Multi-Language Conversational Telephone Speech 2011 -- Central Asian
|Item Name:||Multi-Language Conversational Telephone Speech 2011 -- Central Asian|
|Author(s):||Karen Jones, David Graff, Kevin Walker, Stephanie Strassel|
|LDC Catalog No.:||LDC2018S03|
|Release Date:||February 16, 2018|
|Data Source(s):||telephone conversations|
|Language(s):||Dari, Persian, Pushto|
|Language ID(s):||prs, fas, pus|
LDC User Agreement for Non-Members
|Online Documentation:||LDC2018S03 Documents|
|Licensing Instructions:||Subscription & Standard Members, and Non-Members|
|Citation:||Jones, Karen, et al. Multi-Language Conversational Telephone Speech 2011 -- Central Asian LDC2018S03. Web Download. Philadelphia: Linguistic Data Consortium, 2018.|
Multi-Language Conversational Telephone Speech 2011 -- Central Asian was developed by the Linguistic Data Consortium (LDC) and is comprised of approximately 37 hours of telephone speech in three distinct language varieties of Central Asia: Dari, Farsi and Pashto.
The data were collected primarily to support research and technology evaluation in automatic language identification, and portions of these telephone calls were used in the NIST 2011 Language Recognition Evaluation (LRE). LRE 2011 focused on language pair discrimination for 24 languages/dialects, some of which could be considered mutually intelligible or closely related.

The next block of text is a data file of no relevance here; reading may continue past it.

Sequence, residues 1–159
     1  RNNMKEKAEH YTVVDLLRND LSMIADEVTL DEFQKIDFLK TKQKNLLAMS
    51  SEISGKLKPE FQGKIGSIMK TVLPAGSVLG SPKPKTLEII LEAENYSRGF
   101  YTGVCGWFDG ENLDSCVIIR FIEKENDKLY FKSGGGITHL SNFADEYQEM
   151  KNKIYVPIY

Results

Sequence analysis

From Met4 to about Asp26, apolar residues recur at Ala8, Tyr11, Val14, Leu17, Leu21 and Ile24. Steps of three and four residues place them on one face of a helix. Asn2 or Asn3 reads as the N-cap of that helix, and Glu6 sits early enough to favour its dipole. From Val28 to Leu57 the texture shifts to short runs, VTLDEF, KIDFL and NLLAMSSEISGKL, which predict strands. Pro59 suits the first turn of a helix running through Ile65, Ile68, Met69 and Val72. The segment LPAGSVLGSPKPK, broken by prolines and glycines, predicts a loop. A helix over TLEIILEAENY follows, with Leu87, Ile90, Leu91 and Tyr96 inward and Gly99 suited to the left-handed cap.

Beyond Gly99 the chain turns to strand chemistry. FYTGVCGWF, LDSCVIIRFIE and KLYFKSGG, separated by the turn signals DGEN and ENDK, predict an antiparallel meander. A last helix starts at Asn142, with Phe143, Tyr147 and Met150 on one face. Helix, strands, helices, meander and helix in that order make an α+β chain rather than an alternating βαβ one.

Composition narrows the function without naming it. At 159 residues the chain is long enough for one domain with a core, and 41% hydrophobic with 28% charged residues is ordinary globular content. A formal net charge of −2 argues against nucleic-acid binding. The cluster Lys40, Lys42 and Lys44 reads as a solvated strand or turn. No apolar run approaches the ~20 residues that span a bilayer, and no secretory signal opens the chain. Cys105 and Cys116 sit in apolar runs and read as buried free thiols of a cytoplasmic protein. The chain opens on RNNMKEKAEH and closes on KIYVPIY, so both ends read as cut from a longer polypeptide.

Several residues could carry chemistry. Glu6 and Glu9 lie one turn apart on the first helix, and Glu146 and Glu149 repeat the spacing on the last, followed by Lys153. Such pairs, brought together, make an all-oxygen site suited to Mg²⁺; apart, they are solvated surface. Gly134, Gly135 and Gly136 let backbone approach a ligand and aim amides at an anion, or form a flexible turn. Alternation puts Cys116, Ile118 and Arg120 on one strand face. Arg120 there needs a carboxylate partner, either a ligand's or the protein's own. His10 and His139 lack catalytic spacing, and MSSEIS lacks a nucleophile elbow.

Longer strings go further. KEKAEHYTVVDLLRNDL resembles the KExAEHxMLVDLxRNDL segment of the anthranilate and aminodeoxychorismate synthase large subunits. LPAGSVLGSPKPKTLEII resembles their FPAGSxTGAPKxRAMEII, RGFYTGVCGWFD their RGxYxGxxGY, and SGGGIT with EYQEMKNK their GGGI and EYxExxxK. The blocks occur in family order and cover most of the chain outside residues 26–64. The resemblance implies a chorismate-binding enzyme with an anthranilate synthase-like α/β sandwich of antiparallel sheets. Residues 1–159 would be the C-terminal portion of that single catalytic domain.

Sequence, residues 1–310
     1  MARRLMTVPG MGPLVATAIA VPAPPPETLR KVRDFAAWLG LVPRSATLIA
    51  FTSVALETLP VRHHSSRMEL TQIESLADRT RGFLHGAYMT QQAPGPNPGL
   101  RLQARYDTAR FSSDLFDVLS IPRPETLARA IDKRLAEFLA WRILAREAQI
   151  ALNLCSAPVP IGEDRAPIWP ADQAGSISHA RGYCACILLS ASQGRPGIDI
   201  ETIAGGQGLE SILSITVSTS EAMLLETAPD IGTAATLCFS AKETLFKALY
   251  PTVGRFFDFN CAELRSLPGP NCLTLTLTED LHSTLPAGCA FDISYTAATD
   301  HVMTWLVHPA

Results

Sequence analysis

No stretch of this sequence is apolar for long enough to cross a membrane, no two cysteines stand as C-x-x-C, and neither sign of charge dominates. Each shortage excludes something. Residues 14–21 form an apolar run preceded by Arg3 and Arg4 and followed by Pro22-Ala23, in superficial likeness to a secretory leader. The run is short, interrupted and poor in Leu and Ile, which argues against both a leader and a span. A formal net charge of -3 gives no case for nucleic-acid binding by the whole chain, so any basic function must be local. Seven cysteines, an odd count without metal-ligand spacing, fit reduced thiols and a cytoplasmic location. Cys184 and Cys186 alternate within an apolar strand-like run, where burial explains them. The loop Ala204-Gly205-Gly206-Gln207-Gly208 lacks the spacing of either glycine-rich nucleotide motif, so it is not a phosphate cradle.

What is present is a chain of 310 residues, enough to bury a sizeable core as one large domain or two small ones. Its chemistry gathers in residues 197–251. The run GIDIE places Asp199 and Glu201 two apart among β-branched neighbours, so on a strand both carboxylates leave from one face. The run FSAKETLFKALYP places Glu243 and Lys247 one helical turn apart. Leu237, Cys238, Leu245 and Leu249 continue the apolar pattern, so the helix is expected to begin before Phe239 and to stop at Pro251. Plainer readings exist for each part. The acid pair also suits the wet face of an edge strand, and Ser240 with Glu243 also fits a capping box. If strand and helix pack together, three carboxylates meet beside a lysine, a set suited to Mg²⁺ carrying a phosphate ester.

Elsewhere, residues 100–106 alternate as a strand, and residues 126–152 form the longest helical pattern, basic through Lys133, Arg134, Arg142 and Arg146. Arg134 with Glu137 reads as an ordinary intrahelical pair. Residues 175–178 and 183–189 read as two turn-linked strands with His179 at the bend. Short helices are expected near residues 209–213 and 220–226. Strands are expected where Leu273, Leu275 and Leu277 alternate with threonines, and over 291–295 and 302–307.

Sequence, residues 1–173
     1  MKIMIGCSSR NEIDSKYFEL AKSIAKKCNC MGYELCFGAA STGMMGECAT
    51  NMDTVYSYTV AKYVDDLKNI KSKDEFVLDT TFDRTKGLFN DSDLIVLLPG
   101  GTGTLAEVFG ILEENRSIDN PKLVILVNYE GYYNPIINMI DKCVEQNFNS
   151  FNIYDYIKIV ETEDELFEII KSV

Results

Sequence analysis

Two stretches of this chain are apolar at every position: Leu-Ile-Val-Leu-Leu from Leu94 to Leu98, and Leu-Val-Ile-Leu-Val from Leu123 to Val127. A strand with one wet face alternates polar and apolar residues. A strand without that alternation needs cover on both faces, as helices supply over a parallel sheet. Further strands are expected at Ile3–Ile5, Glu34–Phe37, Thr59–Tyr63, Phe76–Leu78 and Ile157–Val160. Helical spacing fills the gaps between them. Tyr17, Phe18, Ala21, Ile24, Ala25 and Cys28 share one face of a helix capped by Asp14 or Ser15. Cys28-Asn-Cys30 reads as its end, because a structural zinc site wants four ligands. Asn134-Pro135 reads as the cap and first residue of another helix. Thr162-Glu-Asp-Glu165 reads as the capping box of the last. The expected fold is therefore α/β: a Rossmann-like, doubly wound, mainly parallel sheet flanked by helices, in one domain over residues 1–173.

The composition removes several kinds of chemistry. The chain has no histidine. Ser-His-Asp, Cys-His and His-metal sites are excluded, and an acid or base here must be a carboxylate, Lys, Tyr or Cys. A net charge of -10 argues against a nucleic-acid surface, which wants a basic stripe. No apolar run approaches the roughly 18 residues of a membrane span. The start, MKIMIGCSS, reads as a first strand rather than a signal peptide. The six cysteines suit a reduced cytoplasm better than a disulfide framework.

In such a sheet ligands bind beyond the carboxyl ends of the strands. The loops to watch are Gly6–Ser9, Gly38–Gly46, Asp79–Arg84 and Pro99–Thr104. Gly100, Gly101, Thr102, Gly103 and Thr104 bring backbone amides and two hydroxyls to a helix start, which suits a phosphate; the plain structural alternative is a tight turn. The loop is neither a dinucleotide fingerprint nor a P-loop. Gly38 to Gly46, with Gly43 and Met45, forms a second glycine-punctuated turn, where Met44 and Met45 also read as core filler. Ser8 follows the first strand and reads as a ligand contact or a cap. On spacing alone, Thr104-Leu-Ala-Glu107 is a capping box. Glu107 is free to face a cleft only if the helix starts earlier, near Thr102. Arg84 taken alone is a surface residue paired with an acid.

LDC has also released the following as part of the Multi-Language Conversational Telephone Speech 2011 series:
- Slavic Group (LDC2016S11)
- Turkish (LDC2017S09)
- South Asian (LDC2017S14)
- Central European (LDC2018S08)
- Spanish (LDC2018S12)
Participants were recruited by native speakers who contacted acquaintances in their social network. Those native speakers made one call, up to 15 minutes, to each acquaintance. The data was collected using LDC's telephone collection infrastructure, comprised of three computer telephony systems. Human auditors labeled calls for callee gender, dialect type and noise. Demographic information about the participants was not collected.
All audio data are presented in FLAC-compressed MS-WAV (RIFF) file format (*.flac); when uncompressed, each file is 2 channels, recorded at 8000 samples/second with samples stored as 16-bit signed integers, representing a lossless conversion from the original mu-law sample data as captured digitally from the public telephone network. The following table summarizes the total number of calls, total number of hours of recorded audio, and the total size of compressed data:
Please listen to this sample.
None at this time.